Category 18 April 2019

A wood plastic composite with up to 95% recycled materials

Construction waste presents a high potential for recovery but few solutions are available today. Addressing this challenge, a finish company relied on its innovative conical extrusion process to develop a multilayer extrusion profile made of Wood Plastic Composite (WPC). This WPC can contain up to 95% recycled materials including Construction & Demolition waste. 

The challenge

The construction and demolition waste (C&D waste) is one of the largest waste streams in the EU. The EC Waste Directive 2008/98 targets a more sustainable construction industry, recovering a 70% (by weight) of its non-hazardous construction and demolition waste by 2020: to meet that objective, new solutions must be found to achieve an efficient material recovery from C&D waste.


The innovation

For the first time, a wood plastic composite (WPC) was manufactured with up to 95% recycled material in weight and including construction and demolition waste: an innovative extruding process allows to produce WPC decking board products (among others), replacing chemically treated and/or tropical wood boards. They can be used for outdoor terraces, pathways in parks, municipal benches, sound barrier walls for highways and railways, etc.

WPC-decking (PIcuter courtesy of IRCOW project)

This composite was developed by CONENOR, a company specialised in composite extrusion processes based in Finland, in collaboration with TECNALIA, leading R&D center based in Spain. The developed WPC contains wooden materials and mineral wool recycled from construction and demolition waste, plus other recovered materials such as gypsum plaster board, high density polyethylene and recycled WPC. To make sure that the C&D material included is not visible on the surface of the final decking board product -for which aesthetics is a critical feature- a multilayer product design was adopted with:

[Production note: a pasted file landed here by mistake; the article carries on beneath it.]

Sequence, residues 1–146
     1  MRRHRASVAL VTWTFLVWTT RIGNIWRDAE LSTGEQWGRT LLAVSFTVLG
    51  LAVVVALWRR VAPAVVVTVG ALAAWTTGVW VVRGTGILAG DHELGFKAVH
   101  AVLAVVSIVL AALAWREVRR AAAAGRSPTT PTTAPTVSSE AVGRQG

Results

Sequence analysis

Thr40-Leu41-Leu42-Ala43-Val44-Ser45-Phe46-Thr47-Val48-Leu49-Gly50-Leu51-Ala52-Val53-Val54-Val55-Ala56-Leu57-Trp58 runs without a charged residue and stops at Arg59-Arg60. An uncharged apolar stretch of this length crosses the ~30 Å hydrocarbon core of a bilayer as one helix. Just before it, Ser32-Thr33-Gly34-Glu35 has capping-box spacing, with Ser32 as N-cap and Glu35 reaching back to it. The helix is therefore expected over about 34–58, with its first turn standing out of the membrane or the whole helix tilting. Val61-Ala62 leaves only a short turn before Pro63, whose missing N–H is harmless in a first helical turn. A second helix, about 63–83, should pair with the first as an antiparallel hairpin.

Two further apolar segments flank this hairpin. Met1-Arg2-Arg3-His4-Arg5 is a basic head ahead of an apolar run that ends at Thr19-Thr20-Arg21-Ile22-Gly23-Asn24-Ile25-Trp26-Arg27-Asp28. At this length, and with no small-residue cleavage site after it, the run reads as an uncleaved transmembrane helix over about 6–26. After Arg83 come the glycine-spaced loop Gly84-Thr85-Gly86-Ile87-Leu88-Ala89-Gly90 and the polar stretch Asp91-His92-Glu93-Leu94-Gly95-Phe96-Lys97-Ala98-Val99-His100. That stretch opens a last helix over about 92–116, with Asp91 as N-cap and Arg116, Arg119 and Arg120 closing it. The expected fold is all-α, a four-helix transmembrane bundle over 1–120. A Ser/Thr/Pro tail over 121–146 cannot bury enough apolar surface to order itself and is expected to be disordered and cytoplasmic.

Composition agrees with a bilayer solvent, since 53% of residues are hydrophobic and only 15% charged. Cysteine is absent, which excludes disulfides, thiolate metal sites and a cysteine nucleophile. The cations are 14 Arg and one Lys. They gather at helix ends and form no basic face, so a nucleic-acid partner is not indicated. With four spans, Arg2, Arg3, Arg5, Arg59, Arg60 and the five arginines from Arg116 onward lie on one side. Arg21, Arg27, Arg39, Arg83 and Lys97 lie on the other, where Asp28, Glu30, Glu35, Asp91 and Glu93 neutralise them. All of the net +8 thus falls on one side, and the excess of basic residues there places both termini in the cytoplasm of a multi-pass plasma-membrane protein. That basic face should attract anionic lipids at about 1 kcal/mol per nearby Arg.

An encapsulated core layer containing 55 % in weight of C&DW waste, with recycled high density polyethylene (HDPE-r)a surface layer made of recycled wood plastic composite with polypropylene.

Wood plastic composite decking board composition and waste material origin
Source: Public deliverable 5.3 from the IRCOW project

The laboratory tests performed by Tecnalia proved adequate mechanical performance of the profiles for the decking application (flexural properties, hardness, water absorption, flame propagation speed). The WPC is compliant with various eco labels, including the Nordic Ecolabel. In addition:

the manufacturing waste is directly re-conveyed to the manufacturing line thanks to a crusher that allows to recycle the WPC production waste back to the extrusion process,At its life cycle end, the product can be burned and used for producing energy.

Why did it work?

Upcycling the C&D wood and plastic waste was made possible thanks to an innovative multilayer composite extrusion process that allows manufacturing both solid and hollow section profiles. The conical form of the CONEX®-extruder allows to manufacture profiles with up to 75 % wood content. The hollow rotor design enables to produce high quality wood plastic composites from various waste materials at low cost. First, the raw materials (waste and virgin material) are mixed into free flowing agglomerates which are adequate to feed the extruder. Second, the two mixtures (core and surface layer) are extruded in the wood extruder line to produce the multilayer composite decking boards.

Layout of the CONEX extruder

Further deployment

100 linear meters of multilayer board were produced and installed for decking in real outdoor conditions in Spain. The demonstration results proved the durability and aesthetical stability of the boards (estimated TRL: 7).

NB: this development was performed within the IRCOW project co-financed by the EC FP7 grant funding programme. This project, completed in January 2014, focused on the development of high grade construction products elaborated with recycled C&D waste, starting from the building demolition and waste sorting phases. More project resources can be found at